Amazon has described Amazon Go as "a new kind of store with no checkout required”, which essentially means that you won’t have to stand in line to make payments. The Go store works with the new Amazon mobile app that detects the items placed in your basket and seamlessly bill your Amazon account using sensors when you exit the store. Amazon is pushing the boundaries of machine learning, sensor fusion, and computer vision to provide a massive shift in commerce and user experience. This brings along with it a lot of questions around identity theft, mobile security, and credit card fraud.
Account Takeover Fraud
Uber, PayPal and even Netflix accounts have become much more valuable to fraudsters than your credit card numbers, as evidenced by the price these stolen accounts now fetch on the dark web. "Stolen Uber account information on the dark web sells for an average of $3.78 per account, while personally identifiable information (PII) was listed for $1 to $3.30 on average" according to data compiled by Trend Micro. With usernames and passwords being widely reused by consumers, these compromised credentials can either be used to build a fuller picture of a victim for identity theft, or they can even be used to takeover your Amazon account.
So, how does Amazon know whether it is the real user who is logged into the mobile app and not some fraudster who has compromised your credentials. Amazon Go would benefit by leveraging technologies such as behavioural biometrics - that learns users habits and interaction patterns such as gait, the way you hold your phones, the angle you hold it among others as you moving through the stores sensor gates - to spot anomalies, fraud and step up authentication.
Quite a few apps have started turning on two-factor authentication, which is useful - but introduces a lot of friction into the experience in a world already overwhelmed with usernames and passwords. On the other side we have experiences like Uber that makes the payment process invisible, as opposed to fumbling for cash or card at the end of the ride. Amazon has been doing this for several years with their 1-click online buying experience.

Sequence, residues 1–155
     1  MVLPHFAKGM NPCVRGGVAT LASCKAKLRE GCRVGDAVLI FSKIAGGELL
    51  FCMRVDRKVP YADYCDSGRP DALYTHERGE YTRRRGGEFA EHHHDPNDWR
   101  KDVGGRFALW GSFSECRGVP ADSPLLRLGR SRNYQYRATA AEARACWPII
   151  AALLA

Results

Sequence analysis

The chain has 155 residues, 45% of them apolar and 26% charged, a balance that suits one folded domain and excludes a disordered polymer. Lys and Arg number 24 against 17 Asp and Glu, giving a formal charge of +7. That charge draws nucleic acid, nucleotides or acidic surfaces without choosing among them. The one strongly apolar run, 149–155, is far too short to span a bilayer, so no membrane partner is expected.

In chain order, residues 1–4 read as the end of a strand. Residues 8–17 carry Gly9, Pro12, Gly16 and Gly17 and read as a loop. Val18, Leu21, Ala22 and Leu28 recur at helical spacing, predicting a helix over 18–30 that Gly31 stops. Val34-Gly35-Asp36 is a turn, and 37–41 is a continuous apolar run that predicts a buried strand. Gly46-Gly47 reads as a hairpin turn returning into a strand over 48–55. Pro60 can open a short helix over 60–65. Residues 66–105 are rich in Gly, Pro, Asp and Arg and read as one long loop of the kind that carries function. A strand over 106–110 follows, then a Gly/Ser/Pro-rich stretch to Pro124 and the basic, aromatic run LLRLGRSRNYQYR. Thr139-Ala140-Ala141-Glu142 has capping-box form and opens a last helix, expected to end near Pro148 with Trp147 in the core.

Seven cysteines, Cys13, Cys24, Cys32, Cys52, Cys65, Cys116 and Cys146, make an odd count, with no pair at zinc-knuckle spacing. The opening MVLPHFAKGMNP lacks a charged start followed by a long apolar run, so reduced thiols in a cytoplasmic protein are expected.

Already, Uber like companies are targeting customers where it matters – in convenience. Today, there are apps that allows drivers to pull up to a gas station, fill up and drive off - using automatic number plate recognition to debit your card and top up your loyalty points.
Online commerce took off because it gave us more choices, mobile commerce succeeds because it brings these choices closer. App and conversational commerce is going to take over both by making it faster and more convenient than ever before. The key in enabling this frictionless experience is establishing trust with users and consciously supporting and protecting you while you take on the associated risks.
Mobile Fraud and Behavioral Biometrics
A couple of major security issues to consider would be account takeover fraud (where fraudsters get hold of user login credentials) and new account registration fraud (where fraudsters create new accounts using stolen card details). It will be interesting to see how Amazon Go will address these challenges, but behavioural biometrics, continuout authentication and deep device fingerprinting will play an important role in identitying the real user behind the transaction and fighting fraud by fitting in seamlessly into the invisble payment experience.